Vekselberg wants to appeal sanctions order
The Renova owner said the restrictions imposed by the US are "unlawful and unfair".
Viktor Vekselberg, the owner of the Renova Group, intends to challenge the sanctions imposed on him and his companies by the US authorities.
“My stance is simple: the sanctions are unlawful and unfair and I’m going to challenge them,” Vekselberg told reporters when asked if he was negotiating with the US Treasury asking if there is any chance the sanctions could be lifted (quote by RIA Novosti).
Meanwhile, Vekselberg did not specify when exactly the claim would be filed, and to which court.
The US authorities added Vekselberg and Renova on the SDN sanctions list issued on April 6, 2018. The assets of individuals and legal entities featuring on the SDN list are blocked in the US jurisdiction, so US citizens and companies cannot do business with them. In addition, the individuals are prohibited from entering the United States. The Ministry of Finance warned it might introduce secondary sanctions on those conducting transactions in the interests or on behalf of the SDN persons.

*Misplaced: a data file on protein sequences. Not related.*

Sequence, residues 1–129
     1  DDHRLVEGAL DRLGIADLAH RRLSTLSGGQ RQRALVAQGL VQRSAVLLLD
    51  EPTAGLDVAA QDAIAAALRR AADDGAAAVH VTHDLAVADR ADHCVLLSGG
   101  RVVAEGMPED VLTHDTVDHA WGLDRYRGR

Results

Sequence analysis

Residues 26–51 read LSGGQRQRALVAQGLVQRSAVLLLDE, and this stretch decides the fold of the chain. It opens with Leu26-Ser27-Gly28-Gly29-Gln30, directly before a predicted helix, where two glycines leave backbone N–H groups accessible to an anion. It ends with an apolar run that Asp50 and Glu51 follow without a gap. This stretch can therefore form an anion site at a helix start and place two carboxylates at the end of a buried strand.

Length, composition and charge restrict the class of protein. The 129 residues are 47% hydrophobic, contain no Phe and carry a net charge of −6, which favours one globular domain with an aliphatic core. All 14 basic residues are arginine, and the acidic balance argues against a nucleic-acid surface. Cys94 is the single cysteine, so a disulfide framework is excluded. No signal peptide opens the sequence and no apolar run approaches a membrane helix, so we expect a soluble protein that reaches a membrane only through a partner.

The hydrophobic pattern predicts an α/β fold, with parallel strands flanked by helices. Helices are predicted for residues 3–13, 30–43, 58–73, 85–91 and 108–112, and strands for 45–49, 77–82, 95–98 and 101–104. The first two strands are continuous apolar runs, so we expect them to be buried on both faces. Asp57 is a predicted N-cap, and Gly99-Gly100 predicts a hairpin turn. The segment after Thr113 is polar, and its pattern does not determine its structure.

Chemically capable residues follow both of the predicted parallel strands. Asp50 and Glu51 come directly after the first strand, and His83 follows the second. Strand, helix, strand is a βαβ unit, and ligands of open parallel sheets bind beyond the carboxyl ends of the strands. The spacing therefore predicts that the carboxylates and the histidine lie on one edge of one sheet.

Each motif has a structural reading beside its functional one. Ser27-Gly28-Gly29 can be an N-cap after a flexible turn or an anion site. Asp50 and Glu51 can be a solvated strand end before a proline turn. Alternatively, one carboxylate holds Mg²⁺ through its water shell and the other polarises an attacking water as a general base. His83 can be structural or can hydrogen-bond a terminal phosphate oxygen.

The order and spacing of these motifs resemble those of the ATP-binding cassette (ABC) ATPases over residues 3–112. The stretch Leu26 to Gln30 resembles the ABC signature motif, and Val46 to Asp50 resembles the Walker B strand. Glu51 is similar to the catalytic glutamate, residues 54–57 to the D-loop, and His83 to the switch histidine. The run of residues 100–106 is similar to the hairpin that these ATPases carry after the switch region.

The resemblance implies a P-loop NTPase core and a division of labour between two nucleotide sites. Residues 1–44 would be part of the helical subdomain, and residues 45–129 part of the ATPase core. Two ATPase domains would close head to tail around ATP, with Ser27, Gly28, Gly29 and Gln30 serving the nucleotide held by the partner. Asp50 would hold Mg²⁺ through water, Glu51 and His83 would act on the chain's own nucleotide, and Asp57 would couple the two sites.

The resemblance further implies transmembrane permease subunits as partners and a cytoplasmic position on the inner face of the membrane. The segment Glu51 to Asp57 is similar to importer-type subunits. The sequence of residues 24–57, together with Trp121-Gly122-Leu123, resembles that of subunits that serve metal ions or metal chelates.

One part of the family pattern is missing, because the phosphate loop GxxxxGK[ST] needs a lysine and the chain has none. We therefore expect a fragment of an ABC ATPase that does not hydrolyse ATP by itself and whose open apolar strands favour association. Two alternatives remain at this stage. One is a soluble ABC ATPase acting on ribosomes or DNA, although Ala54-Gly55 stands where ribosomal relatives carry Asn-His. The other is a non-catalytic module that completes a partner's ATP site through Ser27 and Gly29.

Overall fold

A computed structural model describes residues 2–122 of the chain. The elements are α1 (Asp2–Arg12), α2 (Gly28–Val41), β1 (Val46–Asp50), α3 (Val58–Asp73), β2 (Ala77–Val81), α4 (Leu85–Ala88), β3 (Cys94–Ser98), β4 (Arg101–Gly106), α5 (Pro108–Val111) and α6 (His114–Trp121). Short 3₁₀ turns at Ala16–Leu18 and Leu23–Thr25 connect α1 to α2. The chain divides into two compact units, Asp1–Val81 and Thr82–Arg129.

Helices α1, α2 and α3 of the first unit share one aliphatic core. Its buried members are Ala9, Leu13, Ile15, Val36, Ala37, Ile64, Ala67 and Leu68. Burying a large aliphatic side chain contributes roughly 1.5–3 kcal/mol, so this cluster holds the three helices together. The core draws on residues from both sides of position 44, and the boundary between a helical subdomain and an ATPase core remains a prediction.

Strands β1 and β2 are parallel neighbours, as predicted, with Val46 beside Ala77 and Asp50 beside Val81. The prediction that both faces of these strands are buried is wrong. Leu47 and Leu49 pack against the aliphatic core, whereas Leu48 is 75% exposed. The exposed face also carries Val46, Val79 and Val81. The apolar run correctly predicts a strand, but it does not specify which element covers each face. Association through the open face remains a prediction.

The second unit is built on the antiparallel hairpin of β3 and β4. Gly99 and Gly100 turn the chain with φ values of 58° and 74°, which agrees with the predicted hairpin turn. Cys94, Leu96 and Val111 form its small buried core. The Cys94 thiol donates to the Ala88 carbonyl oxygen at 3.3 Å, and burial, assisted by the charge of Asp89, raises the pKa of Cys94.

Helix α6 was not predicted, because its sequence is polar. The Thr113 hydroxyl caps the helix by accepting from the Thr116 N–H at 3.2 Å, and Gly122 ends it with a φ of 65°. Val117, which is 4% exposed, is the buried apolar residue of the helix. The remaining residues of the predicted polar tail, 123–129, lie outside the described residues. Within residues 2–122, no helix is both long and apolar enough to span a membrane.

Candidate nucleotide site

Reuters reported on April 2018 that payroll accounts of several people working at Renova’s Swiss office and the company’s dollar accounts got blocked. In June, Forbes reported that Swiss banks, including Julius Baer, blocked about 1 billion francs in Vekselberg’s personal accounts.
With the new round of sanctions, Vekselberg started cutting his shares in a number of companies, such the Swiss companies OC Oerlikon and Schmolz+Bichenbach. In addition, after the sanctions were imposed, Renova cut its shares in the Swiss engineering company Sulzer (from 63.42% to 48.83%), the Russia-based energy company Hevel (from 51% to 46%) and the largest private heat generating company in Russia, T Plus (from 57.1% to 39.59%).
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